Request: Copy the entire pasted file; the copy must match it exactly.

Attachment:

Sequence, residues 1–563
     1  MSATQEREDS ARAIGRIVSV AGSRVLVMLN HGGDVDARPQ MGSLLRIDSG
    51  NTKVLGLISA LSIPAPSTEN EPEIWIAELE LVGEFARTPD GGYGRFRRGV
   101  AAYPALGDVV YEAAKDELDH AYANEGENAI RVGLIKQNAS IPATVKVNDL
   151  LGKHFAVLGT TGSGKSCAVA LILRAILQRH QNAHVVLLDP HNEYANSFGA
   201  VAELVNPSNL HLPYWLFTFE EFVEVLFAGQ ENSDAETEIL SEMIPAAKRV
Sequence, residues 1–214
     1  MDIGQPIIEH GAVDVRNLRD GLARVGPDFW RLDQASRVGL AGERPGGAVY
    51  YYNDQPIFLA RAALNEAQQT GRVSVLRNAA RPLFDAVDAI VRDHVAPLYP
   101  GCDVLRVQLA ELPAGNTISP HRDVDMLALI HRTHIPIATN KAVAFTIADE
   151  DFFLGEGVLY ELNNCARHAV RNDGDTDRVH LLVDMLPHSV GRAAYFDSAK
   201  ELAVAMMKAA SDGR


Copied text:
Sequence, residues 1–563
     1  MSATQEREDS ARAIGRIVSV AGSRVLVMLN HGGDVDARPQ MGSLLRIDSG
    51  NTKVLGLISA LSIPAPSTEN EPEIWIAELE LVGEFARTPD GGYGRFRRGV
   101  AAYPALGDVV YEAAKDELDH AYANEGENAI RVGLIKQNAS IPATVKVNDL
   151  LGKHFAVLGT TGSGKSCAVA LILRAILQRH QNAHVVLLDP HNEYANSFGA
   201  VAELVNPSNL HLPYWLFTFE EFVEVLFAGQ ENSDAETEIL SEMIPAAKRV
Sequence, residues 1–214
     1  MDIGQPIIEH GAVDVRNLRD GLARVGPDFW RLDQASRVGL AGERPGGAVY
    51  YYNDQPIFLA RAALNEAQQT GRVSVLRNAA RPLFDAVDAI VRDHVAPLYP
   101  GCDVLRVQLA ELPAGNTISP HRDVDMLALI HRTHIPIATN KAVAFTIADE
   151  DFFLGEGVLY ELNNCARHAV RNDGDTDRVH LLVDMLPHSV GRAAYFDSAK
   201  ELAVAMMKAA SDGR